Khajuraho "the Temples of Love": Theories
Several theories, as to the origin and significance ... of
mandir sculpture, prevail among Indian as well as Western scholars.
Francis Leeson in Kama Shilpa has summarized them briefly as follows :
(1) The mithunas are symbols of Shakti - both - sexes in one God - representing
the oneness of God, or the spiritual syllable AUM.
(2) They are representations of supreme bliss, an attempt in earthly terms to
convey the meaning of heavenly rapture.
(3) The mithunas are temptations to laud thoughts, but are to be overcome by the
(4) They are just innocent depictions of a human activity in the same way as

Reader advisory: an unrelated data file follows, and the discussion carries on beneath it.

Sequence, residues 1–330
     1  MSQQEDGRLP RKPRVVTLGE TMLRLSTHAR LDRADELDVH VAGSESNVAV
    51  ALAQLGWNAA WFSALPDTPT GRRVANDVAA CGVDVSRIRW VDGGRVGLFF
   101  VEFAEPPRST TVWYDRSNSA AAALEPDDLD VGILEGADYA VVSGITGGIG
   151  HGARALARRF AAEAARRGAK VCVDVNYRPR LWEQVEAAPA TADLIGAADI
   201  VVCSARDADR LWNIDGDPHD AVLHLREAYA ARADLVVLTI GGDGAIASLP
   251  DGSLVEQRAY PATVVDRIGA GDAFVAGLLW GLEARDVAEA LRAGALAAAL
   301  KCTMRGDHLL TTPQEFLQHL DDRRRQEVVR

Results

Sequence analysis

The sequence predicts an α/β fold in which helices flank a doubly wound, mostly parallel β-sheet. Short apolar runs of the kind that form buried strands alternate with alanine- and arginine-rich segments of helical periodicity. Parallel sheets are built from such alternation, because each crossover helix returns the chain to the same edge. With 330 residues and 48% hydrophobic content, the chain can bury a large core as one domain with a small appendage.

other sculptures show scenes of dancing, fighting, making music, praying, etc.
(5) The mithunas were intended as a protection against the evil eye,
(6) They attract grosser-minded people to come to the mandir, if only for the
initial pleasure of examining them.
(7) The mithunas are there for the sexual education of the young and ignorant,
as a sort of illustrated Kama Sutra.
(8) They are straight forward representations of Yogic postures.
...near (Khajuraho) temples, which contain idols that
have been mutilated by the Moslems, live a number of yogis whose matted locks
have grown as long as their bodies. And on account of extreme asceticism they
are all yellow in colour. Many Moslems attend these men in order to take lessons
(yoga) from them.
— Ibn Battuta, about 1335 CE, Riḥlat Ibn Baṭūṭah, Translated by Arthur